To be sure, it would be analytically clearer to say that the substantiality of the obstacles a law imposes is measured independently, the benefits are measured independently, and then the two are weighed against each other. And I read Justice Breyer's opinion as more or less saying that the Casey opinion should be read to mean something like that even though it does not expressly refer to benefits. To my mind, Breyer's understanding is both analytically sounder and more faithful to what the plurality was trying to do in Casey than the Casey formulation itself.

Where any of that will go in June Medical Services v. Russo--the Louisiana abortion case argued last week--is not at all clear. As I noted in my preview of the case, there is a chance that the Court will decide the case by changing the law of third-party standing to disallow doctors and clinics to challenge abortion regulations, even those that target them. Certainly Justice Alito seemed receptive to that line of argument.

But there is also a chance the Court will reach the merits. I am not as much of a legal realist as Prof. Segall, but I am enough of one to think that the Court's merits ruling will have much more to do with the Justices' views about abortion than about how to measure purposes, balancing tests, and the like. However, I also think that the questions raised during the oral argument about those more abstract issues can arise in other, less fraught, contexts, and so I'll say a few words about them.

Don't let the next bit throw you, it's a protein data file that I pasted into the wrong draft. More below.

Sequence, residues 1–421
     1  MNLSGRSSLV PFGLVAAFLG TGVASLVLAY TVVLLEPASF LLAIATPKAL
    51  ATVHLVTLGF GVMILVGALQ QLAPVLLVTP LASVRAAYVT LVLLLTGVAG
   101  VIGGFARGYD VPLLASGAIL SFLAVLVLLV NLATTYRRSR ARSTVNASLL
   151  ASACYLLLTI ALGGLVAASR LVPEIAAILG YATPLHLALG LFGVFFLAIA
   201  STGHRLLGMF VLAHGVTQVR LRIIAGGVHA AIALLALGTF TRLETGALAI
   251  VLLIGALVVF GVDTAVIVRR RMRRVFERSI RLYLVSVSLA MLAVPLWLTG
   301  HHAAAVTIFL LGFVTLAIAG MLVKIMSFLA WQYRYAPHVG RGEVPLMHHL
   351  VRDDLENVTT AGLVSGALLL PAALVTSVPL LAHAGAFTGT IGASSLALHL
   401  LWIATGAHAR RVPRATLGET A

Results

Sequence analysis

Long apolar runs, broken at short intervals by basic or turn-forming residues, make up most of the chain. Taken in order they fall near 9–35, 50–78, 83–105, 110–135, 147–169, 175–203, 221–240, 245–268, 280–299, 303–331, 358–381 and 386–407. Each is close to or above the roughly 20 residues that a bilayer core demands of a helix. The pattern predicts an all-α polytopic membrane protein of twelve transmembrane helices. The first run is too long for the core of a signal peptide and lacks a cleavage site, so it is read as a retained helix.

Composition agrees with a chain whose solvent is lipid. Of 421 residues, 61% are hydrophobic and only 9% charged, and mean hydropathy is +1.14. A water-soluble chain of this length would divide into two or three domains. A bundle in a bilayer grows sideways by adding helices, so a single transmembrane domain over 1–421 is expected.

Friday, March 06, 2020

Now Is An Acceptable (and Possibly the Only) Time for the Democrats to Be Suckers

[Note to readers: My most recent Verdict column, "Another Attempt to Find Optimism in American Politics," was published yesterday.  My column today here on Dorf on Law addresses a different topic, but I do hope that many of you will read the Verdict piece as well.]

by Neil H. Buchanan

The indispensable website thesaurus.com (which just helped me replace the word essential with indispensable) offers the following synonyms for the word "sucker": chump, dupe, fool, gull, patsy, sap, stooge.  In turn, the entry for "patsy" includes (among others): doormat, sitting duck, pushover, sap, schmuck, and easy mark.

Last week, The New York Times published an op-ed by Columbia Law professor Tim Wu with the wonderful title: "Quantifying Liberal Suckerdom."  The piece summarizes an interesting little study by Wu's Columbia colleague Kristen Underhill and two co-authors that attempts to measure whether and how much liberals are pushovers, saps, dupes, fools, and easy marks.